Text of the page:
Kaine, Warner urge federal agency cover IVF treatment for public workers

Virginia's two senators, Sen. Mark Warner, right, and Sen. Tim Kaine, both Democrats, walk to a closed-door meeting in the Old Senate Chamber as Republicans and Democrats gather for a showdown over presidential nominees that have been blocked by a GOP filibuster, at the Capitol in Washington, Monday, July 15, 2013. Senate Majority Leader Harry Reid insisted in advance that Republicans permit yes-or-no confirmation votes on all seven of the nominees at issue. If they won't, he declared, Democrats will change the Senate's rules to strip them of their ability to delay. (AP Photo/J. Scott Applewhite)

By Michael O'Connor

April 24, 2024

Virginia’s two Senators were among a group of lawmakers defending access to in vitro fertilization, or IVF, which has entered the national spotlight after an Alabama ruling made it a new battle in the right’s war on reproductive freedom.

US Sens. Tim Kaine and Mark Warner joined a group of lawmakers Wednesday urging the federal government’s human resources agency to require in vitro fertilization coverage for public employees.

“IVF is one of the most effective treatments for families struggling with infertility, and growing in popularity, with its usage nearly doubling from 2012 to 2021,” the lawmakers wrote.

In vitro fertilization, or IVF, involves a number of expensive procedures to help people get pregnant, often when they cannot do so otherwise. In IVF, eggs are fertilized by sperm in a lab, and then the fertilized eggs, or embryos, are placed in a person’s uterus, which is where babies develop.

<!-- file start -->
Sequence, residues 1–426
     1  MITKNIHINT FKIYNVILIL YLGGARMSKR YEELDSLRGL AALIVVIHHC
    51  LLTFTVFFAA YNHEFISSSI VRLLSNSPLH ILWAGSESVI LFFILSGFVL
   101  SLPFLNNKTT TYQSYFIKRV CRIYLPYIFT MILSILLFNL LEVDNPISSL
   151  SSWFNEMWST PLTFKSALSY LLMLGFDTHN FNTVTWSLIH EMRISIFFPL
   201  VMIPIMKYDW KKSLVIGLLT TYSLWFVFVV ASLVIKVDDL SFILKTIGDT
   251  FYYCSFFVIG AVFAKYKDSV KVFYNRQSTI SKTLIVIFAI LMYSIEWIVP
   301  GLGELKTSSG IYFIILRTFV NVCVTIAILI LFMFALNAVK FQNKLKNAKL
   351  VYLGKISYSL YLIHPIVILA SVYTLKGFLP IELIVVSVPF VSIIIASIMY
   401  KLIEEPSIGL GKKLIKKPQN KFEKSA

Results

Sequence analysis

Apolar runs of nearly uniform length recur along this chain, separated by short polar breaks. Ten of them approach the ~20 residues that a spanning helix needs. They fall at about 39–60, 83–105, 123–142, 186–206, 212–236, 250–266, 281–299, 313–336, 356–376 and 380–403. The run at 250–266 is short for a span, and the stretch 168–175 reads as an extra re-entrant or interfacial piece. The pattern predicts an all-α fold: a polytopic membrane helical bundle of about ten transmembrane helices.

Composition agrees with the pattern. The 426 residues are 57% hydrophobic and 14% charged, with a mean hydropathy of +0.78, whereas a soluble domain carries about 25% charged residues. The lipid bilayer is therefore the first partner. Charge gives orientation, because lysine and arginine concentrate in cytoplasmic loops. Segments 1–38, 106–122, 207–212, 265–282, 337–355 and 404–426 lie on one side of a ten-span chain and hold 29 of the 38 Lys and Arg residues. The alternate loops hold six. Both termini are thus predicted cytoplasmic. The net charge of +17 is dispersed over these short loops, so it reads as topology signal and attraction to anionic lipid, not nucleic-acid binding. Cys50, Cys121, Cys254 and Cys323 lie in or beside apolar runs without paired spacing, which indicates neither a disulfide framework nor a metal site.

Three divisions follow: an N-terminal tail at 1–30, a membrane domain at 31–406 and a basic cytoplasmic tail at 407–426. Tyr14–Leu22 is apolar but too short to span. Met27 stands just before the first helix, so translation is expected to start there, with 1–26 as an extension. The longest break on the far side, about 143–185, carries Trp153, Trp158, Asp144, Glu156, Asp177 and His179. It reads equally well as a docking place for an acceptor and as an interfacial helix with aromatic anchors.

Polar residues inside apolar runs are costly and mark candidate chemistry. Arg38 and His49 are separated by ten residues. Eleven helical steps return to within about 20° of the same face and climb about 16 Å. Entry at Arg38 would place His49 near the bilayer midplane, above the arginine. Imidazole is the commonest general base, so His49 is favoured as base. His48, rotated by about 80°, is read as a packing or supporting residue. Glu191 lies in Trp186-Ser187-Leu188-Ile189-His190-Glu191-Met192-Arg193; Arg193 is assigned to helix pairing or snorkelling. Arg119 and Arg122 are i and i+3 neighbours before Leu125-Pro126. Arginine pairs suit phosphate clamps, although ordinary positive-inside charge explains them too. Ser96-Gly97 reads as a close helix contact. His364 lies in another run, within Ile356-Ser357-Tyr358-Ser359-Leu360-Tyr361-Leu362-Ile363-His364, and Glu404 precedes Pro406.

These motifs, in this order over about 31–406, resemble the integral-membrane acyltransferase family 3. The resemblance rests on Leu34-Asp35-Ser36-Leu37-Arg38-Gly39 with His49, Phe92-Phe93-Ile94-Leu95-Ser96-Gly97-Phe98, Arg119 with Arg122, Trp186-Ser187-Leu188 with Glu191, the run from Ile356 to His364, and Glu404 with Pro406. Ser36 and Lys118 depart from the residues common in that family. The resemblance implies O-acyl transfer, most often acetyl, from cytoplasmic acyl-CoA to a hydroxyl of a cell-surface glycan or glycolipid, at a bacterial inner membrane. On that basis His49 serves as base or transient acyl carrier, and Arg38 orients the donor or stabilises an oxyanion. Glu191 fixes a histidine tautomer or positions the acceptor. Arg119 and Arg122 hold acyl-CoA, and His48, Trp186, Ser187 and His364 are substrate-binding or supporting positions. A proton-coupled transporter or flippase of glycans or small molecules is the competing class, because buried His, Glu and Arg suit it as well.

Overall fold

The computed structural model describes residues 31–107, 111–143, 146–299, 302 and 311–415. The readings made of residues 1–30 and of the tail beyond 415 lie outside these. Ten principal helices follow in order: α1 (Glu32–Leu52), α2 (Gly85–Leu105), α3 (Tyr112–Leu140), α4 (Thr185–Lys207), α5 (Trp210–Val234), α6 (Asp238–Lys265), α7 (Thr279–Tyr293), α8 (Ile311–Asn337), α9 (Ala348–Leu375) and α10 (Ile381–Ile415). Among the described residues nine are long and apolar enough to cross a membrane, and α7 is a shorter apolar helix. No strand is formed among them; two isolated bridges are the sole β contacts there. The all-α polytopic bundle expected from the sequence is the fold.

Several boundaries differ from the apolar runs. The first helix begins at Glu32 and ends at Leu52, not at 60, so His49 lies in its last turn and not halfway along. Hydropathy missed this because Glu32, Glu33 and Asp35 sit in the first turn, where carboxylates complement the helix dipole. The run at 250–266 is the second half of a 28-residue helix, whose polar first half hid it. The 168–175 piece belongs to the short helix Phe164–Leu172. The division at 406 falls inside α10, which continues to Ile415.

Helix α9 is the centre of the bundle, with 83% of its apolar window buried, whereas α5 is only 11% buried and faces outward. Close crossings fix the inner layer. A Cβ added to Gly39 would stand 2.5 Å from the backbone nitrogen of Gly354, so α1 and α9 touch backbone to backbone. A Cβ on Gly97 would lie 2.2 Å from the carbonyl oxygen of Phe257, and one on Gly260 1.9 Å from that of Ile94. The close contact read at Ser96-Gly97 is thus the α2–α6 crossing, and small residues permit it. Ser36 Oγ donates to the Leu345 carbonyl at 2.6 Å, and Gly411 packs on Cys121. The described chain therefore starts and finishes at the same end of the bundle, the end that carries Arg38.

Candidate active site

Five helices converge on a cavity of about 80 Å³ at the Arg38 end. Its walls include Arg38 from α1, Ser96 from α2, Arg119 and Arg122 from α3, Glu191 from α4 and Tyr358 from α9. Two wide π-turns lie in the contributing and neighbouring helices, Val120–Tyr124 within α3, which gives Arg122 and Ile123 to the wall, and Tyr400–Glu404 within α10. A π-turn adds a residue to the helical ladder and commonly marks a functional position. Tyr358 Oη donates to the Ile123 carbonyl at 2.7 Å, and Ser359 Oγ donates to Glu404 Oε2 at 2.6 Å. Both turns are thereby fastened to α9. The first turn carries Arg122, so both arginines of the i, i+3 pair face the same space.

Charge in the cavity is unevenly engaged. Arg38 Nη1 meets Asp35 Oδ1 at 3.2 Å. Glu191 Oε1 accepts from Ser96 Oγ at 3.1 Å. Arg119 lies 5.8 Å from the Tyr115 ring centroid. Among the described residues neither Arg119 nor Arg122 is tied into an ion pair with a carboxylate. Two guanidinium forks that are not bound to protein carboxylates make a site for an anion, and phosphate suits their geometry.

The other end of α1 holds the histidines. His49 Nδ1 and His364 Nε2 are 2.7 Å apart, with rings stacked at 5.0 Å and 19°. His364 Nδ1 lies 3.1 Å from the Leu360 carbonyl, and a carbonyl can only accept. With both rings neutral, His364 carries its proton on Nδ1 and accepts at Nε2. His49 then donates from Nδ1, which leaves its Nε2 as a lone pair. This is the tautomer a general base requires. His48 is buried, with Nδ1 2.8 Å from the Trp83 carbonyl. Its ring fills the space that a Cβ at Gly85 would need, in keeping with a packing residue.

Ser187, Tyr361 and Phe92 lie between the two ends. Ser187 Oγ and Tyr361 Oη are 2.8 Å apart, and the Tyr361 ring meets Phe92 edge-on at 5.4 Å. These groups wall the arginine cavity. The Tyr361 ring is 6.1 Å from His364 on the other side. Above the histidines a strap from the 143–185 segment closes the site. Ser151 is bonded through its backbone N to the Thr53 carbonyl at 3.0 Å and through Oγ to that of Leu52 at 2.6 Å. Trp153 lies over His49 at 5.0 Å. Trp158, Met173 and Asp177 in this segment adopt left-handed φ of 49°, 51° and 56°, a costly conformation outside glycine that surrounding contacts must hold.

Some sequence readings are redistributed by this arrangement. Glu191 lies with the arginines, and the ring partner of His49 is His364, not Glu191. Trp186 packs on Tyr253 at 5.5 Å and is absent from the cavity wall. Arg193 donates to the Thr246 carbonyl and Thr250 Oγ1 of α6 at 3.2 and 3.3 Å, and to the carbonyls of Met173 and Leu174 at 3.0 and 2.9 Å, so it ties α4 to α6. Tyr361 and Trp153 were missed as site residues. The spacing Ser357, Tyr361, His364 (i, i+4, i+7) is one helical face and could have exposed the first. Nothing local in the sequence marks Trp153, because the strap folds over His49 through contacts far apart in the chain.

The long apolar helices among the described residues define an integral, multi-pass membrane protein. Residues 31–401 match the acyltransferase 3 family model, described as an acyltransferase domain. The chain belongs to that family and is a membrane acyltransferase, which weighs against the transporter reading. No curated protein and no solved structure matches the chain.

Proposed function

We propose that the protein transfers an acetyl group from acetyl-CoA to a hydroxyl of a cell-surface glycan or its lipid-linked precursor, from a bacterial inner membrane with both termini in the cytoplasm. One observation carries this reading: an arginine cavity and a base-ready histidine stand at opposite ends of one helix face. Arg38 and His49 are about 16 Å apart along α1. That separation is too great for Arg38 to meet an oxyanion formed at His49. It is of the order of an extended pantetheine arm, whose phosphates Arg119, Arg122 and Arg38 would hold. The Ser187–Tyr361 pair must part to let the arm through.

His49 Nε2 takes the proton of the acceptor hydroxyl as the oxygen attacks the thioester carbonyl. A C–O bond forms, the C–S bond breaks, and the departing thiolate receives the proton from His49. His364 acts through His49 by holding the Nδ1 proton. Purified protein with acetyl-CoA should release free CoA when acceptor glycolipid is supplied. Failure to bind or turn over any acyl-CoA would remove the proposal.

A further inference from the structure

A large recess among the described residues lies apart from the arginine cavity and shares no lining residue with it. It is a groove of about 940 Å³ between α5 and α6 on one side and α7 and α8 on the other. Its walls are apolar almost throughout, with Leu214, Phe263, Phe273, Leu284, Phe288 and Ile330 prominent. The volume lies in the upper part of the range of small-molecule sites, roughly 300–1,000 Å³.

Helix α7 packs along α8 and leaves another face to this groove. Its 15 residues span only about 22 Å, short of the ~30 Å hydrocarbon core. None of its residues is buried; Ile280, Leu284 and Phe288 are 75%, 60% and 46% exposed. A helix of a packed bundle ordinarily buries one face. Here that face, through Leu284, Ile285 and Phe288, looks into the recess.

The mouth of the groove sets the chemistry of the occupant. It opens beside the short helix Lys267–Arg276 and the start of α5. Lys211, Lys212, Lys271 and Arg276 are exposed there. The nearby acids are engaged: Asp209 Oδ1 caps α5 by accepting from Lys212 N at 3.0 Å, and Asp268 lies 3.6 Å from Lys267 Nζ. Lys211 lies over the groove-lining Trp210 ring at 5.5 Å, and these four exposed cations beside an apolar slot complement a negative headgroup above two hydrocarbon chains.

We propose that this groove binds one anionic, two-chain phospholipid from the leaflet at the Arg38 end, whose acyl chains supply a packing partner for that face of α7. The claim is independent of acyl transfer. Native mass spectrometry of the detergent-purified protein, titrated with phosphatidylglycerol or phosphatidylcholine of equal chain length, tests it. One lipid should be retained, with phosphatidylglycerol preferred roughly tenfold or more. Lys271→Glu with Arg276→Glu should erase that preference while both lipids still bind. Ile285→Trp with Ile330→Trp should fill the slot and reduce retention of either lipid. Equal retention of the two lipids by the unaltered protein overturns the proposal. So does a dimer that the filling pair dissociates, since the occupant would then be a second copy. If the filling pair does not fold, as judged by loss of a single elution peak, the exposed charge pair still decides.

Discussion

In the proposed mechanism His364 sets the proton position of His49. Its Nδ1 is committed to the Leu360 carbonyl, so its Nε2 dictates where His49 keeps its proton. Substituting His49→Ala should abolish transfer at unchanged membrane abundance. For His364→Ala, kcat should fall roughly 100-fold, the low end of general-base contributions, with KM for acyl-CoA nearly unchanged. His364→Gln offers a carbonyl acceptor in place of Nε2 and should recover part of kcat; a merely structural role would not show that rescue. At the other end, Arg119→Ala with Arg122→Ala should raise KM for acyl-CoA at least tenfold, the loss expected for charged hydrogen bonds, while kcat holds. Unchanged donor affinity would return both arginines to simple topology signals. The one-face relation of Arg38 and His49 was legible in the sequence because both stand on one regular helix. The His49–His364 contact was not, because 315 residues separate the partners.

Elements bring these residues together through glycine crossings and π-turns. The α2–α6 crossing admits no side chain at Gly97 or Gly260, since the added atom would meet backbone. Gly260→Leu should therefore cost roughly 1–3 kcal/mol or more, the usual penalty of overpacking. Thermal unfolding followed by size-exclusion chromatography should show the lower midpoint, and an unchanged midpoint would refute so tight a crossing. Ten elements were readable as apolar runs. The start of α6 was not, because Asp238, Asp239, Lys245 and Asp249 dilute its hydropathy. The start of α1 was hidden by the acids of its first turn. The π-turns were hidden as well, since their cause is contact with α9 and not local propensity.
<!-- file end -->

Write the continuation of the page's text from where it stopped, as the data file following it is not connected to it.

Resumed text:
IVF was thrust in the national spotlight in February when the Alabama Supreme Court ruled that embryos created through in vitro fertilization should be considered actual children, and that those who destroy them can be held liable for wrongful death.

The extreme ruling caused concerns IVF clinics would face greater liability in the event embryos under their care got harmed—or were discarded, as sometimes happens with IVF—and led some Alabama IVF clinics to pause their services.

News of Alabama’s ruling provoked condemnation from Democrats and even some Republicans, and opened yet another front in the right’s war on reproductive freedoms.

The Alabama state government has since passed a law protecting IVF patients and providers from criminal liability, though they did not address the underlying issue of whether embryos were considered people and some conservative groups have continued to target the treatment.

Wednesday’s message on fertility protections is just the latest effort by Democrats to ensure protections of these rights. Kaine and Warner also co-sponsored legislation to establish a federal right to access IVF.

Elizabeth Carr was America’s first IVF baby and was born in 1981 in Norfolk. Carr recently joined Kaine as his guest at President Biden’s State of the Union in March.

Dogwood is currently looking for readers interested in sharing their fertility and IVF stories. Please email our Community Editor Amie Knowles at [email protected] to share your story.

  • Michael O'Connor

    Michael is an award-winning journalist who has been covering Virginia news since 2013 with reporting stints at the Richmond Times-Dispatch, Virginia Business, and Richmond BizSense. A graduate of William & Mary and Northern Virginia Community College, he also covered financial news for S&P Global Market Intelligence.

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